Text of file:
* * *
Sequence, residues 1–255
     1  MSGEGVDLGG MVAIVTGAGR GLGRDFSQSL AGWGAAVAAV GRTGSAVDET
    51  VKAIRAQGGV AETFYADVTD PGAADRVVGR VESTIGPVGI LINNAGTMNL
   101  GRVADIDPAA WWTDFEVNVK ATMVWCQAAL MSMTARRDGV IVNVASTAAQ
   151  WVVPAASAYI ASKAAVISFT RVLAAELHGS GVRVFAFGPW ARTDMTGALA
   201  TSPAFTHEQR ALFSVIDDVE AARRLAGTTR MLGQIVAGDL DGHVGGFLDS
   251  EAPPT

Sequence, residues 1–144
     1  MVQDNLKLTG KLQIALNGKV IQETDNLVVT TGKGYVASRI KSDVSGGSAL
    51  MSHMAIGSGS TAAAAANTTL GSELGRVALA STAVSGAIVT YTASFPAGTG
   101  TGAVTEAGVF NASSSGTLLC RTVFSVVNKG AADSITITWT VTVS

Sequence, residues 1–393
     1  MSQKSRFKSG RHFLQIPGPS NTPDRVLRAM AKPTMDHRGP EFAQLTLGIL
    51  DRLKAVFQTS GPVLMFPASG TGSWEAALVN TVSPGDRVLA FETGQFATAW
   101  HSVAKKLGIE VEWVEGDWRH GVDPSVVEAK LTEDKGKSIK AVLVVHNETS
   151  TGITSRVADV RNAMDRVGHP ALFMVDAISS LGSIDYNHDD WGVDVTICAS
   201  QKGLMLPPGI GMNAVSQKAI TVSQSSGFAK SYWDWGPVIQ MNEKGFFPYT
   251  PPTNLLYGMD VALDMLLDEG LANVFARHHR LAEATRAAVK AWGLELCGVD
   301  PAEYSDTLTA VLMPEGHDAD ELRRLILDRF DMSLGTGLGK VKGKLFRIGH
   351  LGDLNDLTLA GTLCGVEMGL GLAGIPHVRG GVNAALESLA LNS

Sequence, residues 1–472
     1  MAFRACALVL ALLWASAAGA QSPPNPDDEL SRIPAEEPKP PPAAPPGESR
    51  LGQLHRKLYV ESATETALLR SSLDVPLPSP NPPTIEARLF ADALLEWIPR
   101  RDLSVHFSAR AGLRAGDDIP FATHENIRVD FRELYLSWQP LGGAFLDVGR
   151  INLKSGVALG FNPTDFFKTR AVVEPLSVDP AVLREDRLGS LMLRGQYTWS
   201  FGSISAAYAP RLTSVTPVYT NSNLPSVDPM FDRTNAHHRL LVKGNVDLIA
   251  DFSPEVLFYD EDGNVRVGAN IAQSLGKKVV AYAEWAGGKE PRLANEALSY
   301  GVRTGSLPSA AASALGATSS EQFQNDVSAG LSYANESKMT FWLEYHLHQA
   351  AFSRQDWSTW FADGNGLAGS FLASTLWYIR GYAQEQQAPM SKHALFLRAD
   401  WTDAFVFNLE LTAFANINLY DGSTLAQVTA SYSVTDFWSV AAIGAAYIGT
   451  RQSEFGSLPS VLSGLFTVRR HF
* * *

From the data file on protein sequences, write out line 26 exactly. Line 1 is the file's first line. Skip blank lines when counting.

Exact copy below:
   201  FGSISAAYAP RLTSVTPVYT NSNLPSVDPM FDRTNAHHRL LVKGNVDLIA